Thanks for keeping an important dialogue going. I, too, admire Sheryl Sandberg. She points out challenges women face, but she also challenges women to demand more. A quote I loved from her recent commencement speech was this: “We cannot close the achievement gap until we close the ambition gap.” Amen to that!

  7. June 2, 2011 at 09:45 #

    This conversation is even more needed now than it was when we were the age of those graduates Sheryl addressed.
    Sexism has gone from overt to covert.
    We have the chance to move this dialog forward, but not if we’re afraid to have it.
    I have been watching this bubble to the top again the past couple of weeks – and have many thoughts. But rather than leave a post on your own in the guise of a comment – I think I’ll finally sit down and write the danged thing.

    So I’ll just take this chance to thank you, Sheryl, and the dozens of kickass women I know who are still willing to take the brunt of the hostility so that it can be blunted and maybe even done away with by the time my daughter is my age.

  8. June 2, 2011 at 11:14 #

    YES, YES, YES and YES

    (Gaslight is also one of my all time faves).

    Beyond that?

    “Do Awesome Sh*t, Ignore The Haters” Is my mantra.

    To be honest, if someone refuses to work with me based on my gender, I feel sorry for them.

    They missed out on a GREAT opportunity. Yes, I’m awesome, smart and talented. If that makes me “bitchy” or “difficult”. Fine. They get a handwavy dismissal and I move on to greener pastures.

    It’s really just that simple, in my mind anyway.


  9. June 3, 2011 at 11:03 #

    What a terrific, nuanced piece that gets to the heart of it. Brava! That love is shooting right back atcha, big time.

    We want to put our heads down and work, and say nothing — just trust that it will be recognized. But it does nothing to change the behavior. And we work way too hard to tolerate not getting our due.

    And tech startups fancy themselves as being ahead of the curve in many things. They recognize, in part because the entrepreneurs are young without experience elsewhere, and investors are not subject to anti-discriminations laws as corporations are, that the net net is that they are very far behind much of the business world.

    And the insidious buildup of the ‘make her crazy’ rings so true. When a woman is not being called a ‘bitch’ for being assertive, the alternative is ‘psycho’. And that’s perhaps worse because it gives them permission then to question your stability and reliability as an entrepreneur. And I find this moniker gets thrown around more frequently as a woman ages, correlated with her growing confidence in calling out bad behavior (skills we build in life and especially parenting). They discount her as a ‘psycho’ who must be having ‘hot flashes’. And being not crazy when people think you’re crazy…..makes you crazy.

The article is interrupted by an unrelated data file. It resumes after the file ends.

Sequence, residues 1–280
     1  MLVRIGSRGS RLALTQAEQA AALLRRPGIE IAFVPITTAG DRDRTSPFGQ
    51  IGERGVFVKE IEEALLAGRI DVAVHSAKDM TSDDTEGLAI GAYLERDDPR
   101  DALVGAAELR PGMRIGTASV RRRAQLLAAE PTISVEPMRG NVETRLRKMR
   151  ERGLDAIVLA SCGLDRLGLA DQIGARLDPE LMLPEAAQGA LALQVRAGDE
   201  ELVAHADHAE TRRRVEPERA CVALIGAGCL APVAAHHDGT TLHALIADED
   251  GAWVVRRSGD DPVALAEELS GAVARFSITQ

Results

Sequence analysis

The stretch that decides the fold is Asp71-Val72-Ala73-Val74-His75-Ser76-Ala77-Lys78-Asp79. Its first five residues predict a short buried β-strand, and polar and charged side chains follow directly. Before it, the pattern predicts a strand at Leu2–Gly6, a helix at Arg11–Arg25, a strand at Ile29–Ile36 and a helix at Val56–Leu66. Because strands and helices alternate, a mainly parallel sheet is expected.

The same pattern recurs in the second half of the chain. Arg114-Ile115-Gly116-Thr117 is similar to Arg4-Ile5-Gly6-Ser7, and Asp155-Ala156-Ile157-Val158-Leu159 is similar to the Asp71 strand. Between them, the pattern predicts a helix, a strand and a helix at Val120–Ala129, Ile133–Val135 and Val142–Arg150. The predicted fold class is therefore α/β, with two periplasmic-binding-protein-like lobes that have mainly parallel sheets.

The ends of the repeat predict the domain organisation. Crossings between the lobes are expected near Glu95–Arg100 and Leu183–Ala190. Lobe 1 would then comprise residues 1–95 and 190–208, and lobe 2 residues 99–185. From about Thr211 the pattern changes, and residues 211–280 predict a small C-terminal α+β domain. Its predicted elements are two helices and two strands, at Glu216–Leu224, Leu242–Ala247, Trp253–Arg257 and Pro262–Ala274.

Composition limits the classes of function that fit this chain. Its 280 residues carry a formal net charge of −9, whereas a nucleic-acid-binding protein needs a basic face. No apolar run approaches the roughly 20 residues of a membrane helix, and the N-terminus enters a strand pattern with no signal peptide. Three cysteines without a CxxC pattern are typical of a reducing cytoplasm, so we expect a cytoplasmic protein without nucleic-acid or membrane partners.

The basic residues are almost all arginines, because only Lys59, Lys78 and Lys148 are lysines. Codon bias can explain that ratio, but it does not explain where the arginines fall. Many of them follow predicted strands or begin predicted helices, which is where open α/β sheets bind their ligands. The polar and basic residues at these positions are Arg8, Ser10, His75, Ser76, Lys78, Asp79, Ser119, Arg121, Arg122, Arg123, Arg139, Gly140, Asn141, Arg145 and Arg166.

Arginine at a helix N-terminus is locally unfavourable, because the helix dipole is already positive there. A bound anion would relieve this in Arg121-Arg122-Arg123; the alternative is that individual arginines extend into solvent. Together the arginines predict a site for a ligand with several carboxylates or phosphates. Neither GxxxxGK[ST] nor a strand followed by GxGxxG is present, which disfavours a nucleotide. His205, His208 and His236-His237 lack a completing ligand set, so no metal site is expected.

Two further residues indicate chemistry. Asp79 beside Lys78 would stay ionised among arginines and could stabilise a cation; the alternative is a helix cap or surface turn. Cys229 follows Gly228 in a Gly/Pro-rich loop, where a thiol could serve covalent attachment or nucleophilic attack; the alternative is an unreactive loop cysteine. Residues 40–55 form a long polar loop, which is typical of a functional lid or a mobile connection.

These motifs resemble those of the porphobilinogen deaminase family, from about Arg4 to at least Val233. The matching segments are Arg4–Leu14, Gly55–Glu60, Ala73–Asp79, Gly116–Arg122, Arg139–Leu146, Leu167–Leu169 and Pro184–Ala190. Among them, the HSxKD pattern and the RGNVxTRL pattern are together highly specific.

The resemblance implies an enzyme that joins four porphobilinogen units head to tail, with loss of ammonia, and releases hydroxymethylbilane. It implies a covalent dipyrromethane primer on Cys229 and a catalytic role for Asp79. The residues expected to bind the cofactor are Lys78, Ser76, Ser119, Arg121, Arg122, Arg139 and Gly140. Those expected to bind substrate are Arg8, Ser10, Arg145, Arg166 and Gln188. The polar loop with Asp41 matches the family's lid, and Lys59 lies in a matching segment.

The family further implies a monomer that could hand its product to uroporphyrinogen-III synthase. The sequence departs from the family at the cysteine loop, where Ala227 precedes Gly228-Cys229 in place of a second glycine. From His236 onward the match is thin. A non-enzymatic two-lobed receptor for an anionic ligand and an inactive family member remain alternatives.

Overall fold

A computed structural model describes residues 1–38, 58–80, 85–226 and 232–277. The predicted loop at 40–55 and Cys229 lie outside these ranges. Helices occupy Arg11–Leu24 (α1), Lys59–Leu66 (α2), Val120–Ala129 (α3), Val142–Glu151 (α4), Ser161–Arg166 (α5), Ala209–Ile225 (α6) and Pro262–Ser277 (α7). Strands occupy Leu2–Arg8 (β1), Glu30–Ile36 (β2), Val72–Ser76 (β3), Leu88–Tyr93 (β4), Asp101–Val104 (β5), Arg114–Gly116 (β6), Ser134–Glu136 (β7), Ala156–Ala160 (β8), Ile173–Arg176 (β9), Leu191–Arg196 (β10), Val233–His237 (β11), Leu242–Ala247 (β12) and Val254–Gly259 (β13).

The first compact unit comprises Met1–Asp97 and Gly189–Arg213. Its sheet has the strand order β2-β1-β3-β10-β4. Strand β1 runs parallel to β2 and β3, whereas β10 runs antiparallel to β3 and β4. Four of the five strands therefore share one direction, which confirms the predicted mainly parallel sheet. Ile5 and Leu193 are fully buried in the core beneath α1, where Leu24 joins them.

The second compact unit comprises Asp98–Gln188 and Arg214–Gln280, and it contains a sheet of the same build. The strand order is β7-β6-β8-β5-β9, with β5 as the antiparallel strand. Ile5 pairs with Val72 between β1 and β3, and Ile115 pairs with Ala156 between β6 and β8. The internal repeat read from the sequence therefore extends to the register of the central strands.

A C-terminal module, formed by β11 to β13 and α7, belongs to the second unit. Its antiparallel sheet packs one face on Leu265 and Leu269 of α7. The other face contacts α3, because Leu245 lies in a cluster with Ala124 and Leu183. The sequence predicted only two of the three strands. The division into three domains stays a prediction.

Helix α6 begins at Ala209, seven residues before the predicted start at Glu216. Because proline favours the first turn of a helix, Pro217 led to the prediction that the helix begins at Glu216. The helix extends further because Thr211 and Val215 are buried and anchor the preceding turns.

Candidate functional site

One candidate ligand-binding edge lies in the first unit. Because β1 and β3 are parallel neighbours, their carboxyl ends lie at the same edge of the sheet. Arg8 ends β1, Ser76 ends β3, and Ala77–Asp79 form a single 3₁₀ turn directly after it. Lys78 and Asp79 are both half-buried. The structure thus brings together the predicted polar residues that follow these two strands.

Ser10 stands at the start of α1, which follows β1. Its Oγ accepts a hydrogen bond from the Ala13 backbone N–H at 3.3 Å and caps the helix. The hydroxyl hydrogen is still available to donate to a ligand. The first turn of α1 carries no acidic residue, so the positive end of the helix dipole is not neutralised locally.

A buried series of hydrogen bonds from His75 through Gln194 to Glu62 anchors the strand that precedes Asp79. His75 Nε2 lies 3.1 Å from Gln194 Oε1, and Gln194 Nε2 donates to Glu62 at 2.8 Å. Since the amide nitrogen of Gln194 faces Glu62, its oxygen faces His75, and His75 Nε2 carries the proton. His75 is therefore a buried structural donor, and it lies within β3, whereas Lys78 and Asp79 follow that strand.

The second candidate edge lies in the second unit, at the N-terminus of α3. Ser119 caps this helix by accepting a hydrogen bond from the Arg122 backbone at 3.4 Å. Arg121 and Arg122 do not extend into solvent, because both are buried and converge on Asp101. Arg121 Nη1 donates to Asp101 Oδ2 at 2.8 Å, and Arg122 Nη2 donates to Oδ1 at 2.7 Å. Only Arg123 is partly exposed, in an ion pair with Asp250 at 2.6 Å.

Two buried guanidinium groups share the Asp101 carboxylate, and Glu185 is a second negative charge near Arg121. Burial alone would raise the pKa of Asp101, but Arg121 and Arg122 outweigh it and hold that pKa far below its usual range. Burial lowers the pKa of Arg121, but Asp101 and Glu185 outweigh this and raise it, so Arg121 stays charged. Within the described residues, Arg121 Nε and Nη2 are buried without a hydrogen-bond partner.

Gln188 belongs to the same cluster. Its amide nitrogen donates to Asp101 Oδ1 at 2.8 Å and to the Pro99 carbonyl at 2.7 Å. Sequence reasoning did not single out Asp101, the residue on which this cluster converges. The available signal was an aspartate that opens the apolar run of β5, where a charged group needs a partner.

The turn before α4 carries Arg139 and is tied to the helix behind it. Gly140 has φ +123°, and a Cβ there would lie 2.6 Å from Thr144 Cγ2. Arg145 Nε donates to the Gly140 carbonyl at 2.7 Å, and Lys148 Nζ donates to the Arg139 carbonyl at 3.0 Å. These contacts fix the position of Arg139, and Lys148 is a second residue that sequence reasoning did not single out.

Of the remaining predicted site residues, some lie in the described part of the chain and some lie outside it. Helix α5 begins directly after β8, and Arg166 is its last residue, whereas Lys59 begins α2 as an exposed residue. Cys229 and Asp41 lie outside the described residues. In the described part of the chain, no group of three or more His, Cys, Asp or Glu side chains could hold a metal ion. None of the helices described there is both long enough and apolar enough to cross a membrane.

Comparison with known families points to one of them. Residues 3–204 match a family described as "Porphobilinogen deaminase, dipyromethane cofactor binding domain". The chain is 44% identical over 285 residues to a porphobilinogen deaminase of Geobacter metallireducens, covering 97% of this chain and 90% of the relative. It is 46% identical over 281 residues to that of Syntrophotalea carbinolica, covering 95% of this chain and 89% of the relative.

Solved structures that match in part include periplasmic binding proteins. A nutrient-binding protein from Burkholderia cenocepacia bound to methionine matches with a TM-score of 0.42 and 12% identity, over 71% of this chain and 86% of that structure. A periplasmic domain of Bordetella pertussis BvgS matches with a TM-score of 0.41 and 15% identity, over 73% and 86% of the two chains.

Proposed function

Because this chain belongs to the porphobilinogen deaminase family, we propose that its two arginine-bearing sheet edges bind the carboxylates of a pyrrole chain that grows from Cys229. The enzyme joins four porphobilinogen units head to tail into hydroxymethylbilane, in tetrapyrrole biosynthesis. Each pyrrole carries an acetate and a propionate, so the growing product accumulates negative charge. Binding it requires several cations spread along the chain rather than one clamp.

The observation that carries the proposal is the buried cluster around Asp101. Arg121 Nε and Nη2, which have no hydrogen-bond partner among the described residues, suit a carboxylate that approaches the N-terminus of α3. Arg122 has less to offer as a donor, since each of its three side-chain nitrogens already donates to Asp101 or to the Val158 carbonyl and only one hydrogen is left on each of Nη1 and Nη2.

10. June 6, 2011 at 08:53 #

    You rock!

    Work hard and good things will happen.

    I’m a huge fan of Sheryl Sandberg too. I 100% agree that the way to make an impact is to do good work. Keep it up!

    PS- I’m a funded female founder-work hard and good things will happen.

  11. June 6, 2011 at 13:41 #

    I read the whole article about Sarah Pervette that you linked to and went over to her site only to discover twelve male faces staring back at me on her homepage. I was kind of floored, to be honest. I thought maybe the selection of photos was random, but refreshed it a few times and still – all male. I guess Sprouter’s visitors don’t want help from women?

    I have been in several other industries where the sexism is much worse – or more overt. I found the tech industry refreshing in comparison. Sure, it is all men, but in my experience, they have been incredibly helpful and welcoming, especially in DC where I recently moved – at least after they understood I wasn’t just a girlfriend. I agree that sexism is more insidious in the tech industry however and the excuses that “Women are just not interested” or “Gender differences are born innate” make my blood boil.

    I also despise the claim that the tech industry is clamoring for women founders and so now we somehow have the advantage. Riiight! I also asked an angel investor recently why there weren’t more women in tech, and he responded that women just can’t get along with each other. I implored him to never repeat such an idiotic statement again and schooled him on the real reasons (as I saw it).

    We need more work on all sides. At least we’re talking about it. No one even talks about the lack of Black women in men in tech. I could go on and on, but will stop here…

  12. June 6, 2011 at 15:39 #

    Rebecca: I went back to look at because I -knew- I had seen numerous women on their rosters before. The splash page doesn’t show any women, that’s true. Logging in and scrolling through the “Featured Experts” and found around a dozen (including Tara.) But it wasn’t until I was 5 screens in before I found the first one. That sounds like something that should be addressed.